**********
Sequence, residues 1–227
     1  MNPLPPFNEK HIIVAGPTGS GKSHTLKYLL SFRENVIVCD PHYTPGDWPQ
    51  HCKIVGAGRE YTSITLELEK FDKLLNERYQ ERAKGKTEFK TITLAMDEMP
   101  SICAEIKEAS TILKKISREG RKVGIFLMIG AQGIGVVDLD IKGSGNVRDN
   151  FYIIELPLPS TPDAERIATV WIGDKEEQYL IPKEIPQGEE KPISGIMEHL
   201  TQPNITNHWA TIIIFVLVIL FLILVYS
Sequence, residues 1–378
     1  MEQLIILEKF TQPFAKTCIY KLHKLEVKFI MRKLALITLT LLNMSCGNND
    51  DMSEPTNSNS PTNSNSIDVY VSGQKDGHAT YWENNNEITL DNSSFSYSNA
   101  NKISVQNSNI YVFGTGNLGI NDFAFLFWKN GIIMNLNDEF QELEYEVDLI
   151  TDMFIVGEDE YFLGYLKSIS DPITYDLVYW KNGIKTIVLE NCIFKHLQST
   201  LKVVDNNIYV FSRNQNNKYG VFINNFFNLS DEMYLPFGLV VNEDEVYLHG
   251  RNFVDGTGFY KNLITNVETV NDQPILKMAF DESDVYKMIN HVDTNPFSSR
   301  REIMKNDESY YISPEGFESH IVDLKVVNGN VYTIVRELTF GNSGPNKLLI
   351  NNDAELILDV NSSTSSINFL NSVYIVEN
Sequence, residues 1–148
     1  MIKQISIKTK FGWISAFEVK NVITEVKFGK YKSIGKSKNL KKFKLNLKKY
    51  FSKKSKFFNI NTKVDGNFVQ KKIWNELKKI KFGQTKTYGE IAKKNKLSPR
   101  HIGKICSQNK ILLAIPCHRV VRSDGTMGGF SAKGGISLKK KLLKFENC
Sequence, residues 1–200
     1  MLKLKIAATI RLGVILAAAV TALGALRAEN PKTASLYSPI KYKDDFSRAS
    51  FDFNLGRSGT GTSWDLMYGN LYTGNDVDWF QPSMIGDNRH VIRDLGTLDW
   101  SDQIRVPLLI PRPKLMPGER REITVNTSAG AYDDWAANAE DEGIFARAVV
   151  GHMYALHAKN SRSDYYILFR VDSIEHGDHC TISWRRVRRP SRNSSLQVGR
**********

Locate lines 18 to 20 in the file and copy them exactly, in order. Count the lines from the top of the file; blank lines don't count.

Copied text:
    51  FSKKSKFFNI NTKVDGNFVQ KKIWNELKKI KFGQTKTYGE IAKKNKLSPR
   101  HIGKICSQNK ILLAIPCHRV VRSDGTMGGF SAKGGISLKK KLLKFENC
Sequence, residues 1–200